Pinterest really, really wants you to shop from its pins

Shopping with Pinterest.
Shopping with Pinterest.
Image: Pinterest
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Most retailers would kill for Pinterest’s vantage point into the consumer brain, with its 100 million-plus users “pinning” pictures of their dream wedding, vacation, or home-design project. Now, the image sharing platform is capitalizing on user’s strong intent to purchase, by making shopping an even greater part of the experience.

Today, June 28, Pinterest announced new buyable pins and enhanced visual-search capabilities, building on last June’s decision to add a “buy” button to its mobile apps.

“Most people don’t start thinking of the holidays until October or November, or in my case until Dec. 24,” Kendall said at the company’s new San Francisco headquarters today (June 28). “But retailers are thinking about this now.”

Pinterest will expand buyable pins to the web, where it has 10 million products available for sale, up from 2 million a year ago. As a point of reference, president Tim Kendall notes that a typical Walmart has about 100,000 products on store shelves.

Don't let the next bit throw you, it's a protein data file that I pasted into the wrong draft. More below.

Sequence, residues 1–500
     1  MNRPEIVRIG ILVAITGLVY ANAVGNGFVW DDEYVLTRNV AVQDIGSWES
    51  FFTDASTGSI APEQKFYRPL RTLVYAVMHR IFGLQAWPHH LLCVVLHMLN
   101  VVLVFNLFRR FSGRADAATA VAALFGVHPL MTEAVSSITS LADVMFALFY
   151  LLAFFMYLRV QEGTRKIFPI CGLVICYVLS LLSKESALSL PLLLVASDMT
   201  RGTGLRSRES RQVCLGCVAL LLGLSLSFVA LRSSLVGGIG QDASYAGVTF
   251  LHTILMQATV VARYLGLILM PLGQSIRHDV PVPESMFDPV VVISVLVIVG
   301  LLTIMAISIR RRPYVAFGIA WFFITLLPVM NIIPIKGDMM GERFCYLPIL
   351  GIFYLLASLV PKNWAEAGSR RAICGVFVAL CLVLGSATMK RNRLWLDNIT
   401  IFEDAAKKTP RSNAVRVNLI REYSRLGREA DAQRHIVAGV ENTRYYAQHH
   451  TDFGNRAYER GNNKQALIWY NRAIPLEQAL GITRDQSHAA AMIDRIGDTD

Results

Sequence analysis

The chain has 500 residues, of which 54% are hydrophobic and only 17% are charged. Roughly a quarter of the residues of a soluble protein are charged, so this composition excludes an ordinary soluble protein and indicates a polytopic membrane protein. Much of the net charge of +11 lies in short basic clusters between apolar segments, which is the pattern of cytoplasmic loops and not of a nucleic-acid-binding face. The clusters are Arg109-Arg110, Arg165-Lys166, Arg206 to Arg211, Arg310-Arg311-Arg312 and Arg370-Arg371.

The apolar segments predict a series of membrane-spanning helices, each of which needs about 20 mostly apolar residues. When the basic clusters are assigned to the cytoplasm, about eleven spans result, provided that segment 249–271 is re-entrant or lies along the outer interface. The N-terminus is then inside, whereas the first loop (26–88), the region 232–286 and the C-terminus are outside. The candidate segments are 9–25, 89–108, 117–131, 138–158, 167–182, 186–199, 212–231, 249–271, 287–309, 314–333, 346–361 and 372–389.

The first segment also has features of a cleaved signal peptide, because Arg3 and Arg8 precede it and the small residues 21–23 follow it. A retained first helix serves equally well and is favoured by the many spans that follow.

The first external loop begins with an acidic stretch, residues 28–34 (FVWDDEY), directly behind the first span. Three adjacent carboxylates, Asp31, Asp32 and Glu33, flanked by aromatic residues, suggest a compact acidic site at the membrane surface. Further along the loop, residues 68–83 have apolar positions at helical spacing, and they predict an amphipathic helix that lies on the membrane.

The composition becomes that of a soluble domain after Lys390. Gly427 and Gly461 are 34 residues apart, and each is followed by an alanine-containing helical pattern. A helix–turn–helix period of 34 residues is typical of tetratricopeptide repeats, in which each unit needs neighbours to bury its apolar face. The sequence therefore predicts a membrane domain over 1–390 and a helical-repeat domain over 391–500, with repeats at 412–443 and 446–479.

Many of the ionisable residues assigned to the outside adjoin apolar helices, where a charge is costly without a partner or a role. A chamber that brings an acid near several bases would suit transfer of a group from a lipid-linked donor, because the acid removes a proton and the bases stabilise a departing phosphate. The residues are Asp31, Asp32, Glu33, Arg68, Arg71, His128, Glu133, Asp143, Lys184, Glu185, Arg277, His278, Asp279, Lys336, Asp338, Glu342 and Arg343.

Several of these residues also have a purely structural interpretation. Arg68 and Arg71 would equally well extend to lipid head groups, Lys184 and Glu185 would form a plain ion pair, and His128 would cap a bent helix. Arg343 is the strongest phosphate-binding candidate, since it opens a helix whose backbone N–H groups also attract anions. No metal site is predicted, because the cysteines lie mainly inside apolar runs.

According to the company, 80% of users access the site from their phones. But because 84% of mobile shoppers switch between platforms—for example, to browse or save items from their smartphones and check out later from their desktops—Pinterest added a shopping bag that remembers items saved across different platforms.

Automatic object detection on Pinterest
Image: Pinterest

To help users discover more items they can purchase from the site, Pinterest made its computer-vision capabilities, which can “see” the subjects in pinned images, more robust. In the past, users manually zeroed in on specific items in a pin to find similar items from a photo. But new automatic-object detection, which is rolling out first on iOS, will highlight objects detected from image uploads and existing pins. Clicking on them will surface buyable objects that look similar.

These latest developments build on five years of work to turn Pinterest into a massive commerce business. Long before the launch of buyable pins, Pinterest began meticulously laying the groundwork for shopping from pins by enhancing its technology to help users discover and find pins.